Ambrose JA, Tannenbaum MA, Alexopoulos D, Hjemdahl-Monsen CE, Leavy J, Weiss M, Borrico S, Gorlin R, Fuster V. Angiographic progression of coronary artery disease and the development of myocardial infarction. J Am Coll Cardiol. 1988 Jul;12(1):56-62.
    Nobuyoshi M, Tanaka M, Nosaka H, Kimura T, Yokoi H, Hamasaki N, Kim K, Shindo T, Kimura K. Progression of coronary atherosclerosis: is coronary spasm related to progression? J Am Coll Cardiol. 1991 Oct;18(4):904-10.
    Giroud M, Boutron MC, Gras P, Gambert P, Lallemant C, Milan C, Essayagh E, Dumas R. Plasma lipoproteins in cortical versus lacunar infarction with or without cardiac arrhythmia, and in transient ischaemic attacks: a case control study.Neurol Res. 1992 Sep;14(4):315-20.
  2. Ridker PM A Test in Context: High-Sensitivity C-Reactive Protein. J Am Coll Cardiol. 2016 Feb 16;67(6):712-723. doi: 10.1016/j.jacc.2015.11.037.
  3. Ridker PM, Danielson E, Fonseca FA, Genest J, Gotto AM Jr, Kastelein JJ, Koenig W, Libby P, Lorenzatti AJ, MacFadyen JG, Nordestgaard BG, Shepherd J, Willerson JT, Glynn RJ; JUPITER Study Group. Rosuvastatin to prevent vascular events in men and women with elevated C-reactive protein. N Engl J Med. 2008 Nov 20;359(21):2195-207. doi: 10.1056/NEJMoa0807646. Epub 2008 Nov 9.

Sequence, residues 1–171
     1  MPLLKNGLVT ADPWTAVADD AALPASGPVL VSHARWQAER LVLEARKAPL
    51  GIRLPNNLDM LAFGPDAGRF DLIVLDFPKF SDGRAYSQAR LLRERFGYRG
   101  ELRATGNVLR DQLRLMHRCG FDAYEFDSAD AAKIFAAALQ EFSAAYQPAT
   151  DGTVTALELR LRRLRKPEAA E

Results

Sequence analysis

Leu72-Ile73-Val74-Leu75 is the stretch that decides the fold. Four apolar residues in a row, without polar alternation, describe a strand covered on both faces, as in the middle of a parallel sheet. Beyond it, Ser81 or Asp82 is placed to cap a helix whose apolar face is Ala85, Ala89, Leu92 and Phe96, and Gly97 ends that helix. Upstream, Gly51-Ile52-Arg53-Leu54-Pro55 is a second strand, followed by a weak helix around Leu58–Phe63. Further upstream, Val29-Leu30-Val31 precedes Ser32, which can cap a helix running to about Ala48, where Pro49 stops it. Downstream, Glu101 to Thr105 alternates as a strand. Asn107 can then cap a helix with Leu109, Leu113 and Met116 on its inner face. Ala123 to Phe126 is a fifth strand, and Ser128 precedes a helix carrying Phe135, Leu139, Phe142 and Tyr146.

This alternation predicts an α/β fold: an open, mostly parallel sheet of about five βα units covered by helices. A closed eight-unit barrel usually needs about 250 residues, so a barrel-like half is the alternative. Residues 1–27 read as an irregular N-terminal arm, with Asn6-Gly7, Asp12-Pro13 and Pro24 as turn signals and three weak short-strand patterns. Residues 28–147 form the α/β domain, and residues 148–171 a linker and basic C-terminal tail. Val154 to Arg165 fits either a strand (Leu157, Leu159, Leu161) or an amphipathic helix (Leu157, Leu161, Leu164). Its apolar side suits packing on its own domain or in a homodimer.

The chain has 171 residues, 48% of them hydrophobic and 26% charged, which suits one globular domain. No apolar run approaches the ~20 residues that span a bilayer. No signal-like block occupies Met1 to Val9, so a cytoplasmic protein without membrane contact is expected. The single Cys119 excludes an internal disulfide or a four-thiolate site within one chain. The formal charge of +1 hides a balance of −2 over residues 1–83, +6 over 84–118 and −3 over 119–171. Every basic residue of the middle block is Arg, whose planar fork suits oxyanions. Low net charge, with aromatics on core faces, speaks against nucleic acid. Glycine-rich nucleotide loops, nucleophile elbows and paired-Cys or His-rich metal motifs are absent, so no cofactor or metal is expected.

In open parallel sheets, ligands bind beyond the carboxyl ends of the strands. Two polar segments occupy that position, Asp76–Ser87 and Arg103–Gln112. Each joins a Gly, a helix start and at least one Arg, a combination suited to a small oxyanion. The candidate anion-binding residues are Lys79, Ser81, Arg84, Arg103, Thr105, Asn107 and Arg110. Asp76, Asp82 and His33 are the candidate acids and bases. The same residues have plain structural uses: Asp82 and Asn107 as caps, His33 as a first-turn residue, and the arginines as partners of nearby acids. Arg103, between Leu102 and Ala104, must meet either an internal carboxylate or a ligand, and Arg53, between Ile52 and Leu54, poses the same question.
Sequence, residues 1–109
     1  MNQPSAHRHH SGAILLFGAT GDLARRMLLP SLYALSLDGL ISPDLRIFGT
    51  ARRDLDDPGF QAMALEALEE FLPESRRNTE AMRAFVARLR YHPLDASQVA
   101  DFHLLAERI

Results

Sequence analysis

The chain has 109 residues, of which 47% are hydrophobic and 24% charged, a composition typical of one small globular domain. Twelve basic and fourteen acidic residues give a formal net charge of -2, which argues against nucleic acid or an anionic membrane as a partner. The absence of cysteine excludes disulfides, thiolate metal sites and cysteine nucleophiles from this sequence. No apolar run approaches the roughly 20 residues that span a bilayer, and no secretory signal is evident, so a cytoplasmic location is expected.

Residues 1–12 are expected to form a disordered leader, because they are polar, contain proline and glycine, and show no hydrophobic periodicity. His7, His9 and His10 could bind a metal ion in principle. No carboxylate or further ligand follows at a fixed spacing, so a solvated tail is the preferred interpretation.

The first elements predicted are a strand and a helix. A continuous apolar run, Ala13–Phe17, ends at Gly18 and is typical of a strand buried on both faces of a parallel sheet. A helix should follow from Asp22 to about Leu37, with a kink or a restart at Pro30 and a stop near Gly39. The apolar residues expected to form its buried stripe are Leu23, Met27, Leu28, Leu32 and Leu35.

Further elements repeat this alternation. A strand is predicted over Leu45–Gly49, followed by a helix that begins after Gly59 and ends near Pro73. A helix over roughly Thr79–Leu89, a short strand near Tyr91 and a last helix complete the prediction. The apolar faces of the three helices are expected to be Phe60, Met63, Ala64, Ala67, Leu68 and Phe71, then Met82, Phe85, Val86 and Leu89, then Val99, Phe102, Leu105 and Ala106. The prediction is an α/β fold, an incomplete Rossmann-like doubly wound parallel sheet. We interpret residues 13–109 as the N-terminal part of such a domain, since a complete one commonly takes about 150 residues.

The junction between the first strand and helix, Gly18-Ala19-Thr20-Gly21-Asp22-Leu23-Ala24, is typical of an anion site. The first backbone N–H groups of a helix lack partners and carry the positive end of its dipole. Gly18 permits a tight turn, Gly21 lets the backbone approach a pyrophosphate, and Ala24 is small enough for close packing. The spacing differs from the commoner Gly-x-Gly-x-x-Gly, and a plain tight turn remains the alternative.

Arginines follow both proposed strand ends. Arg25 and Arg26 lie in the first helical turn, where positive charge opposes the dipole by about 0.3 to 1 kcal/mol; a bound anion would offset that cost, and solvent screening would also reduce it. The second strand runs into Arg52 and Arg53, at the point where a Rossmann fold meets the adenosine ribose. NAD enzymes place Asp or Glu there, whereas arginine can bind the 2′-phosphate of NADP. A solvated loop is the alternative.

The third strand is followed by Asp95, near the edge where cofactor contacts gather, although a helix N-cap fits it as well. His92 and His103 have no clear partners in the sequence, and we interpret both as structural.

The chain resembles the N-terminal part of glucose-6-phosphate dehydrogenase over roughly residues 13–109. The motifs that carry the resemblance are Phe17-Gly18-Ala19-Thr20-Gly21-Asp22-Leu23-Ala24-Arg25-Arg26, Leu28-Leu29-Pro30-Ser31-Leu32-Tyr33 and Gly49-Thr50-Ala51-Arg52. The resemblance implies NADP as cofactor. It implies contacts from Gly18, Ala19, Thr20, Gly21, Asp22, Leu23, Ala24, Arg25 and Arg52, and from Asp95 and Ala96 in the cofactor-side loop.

4. Albayda J, Mammen AL. Is statin-induced myositis part of the polymyositis disease spectrum? Curr Rheumatol Rep. 2014 Aug;16(8):433. doi: 10.1007/s11926-014-0433-8
  5. SEARCH Collaborative Group, Link E, Parish S, Armitage J, Bowman L, Heath S, Matsuda F, Gut I, Lathrop M, Collins R.SLCO1B1 variants and statin-induced myopathy--a genomewide study. N Engl J Med. 2008 Aug 21;359(8):789-99. doi: 10.1056/NEJMoa0801936. Epub 2008 Jul 23.
  6. Christopher-Stine L, Casciola-Rosen LA, Hong G, Chung T, Corse AM, Mammen AL. A novel autoantibody recognizing 200-kd and 100-kd proteins is associated with an immune-mediated necrotizing myopathy. Arthritis 2010 Sep;62(9):2757-66. doi: 10.1002/art.27572.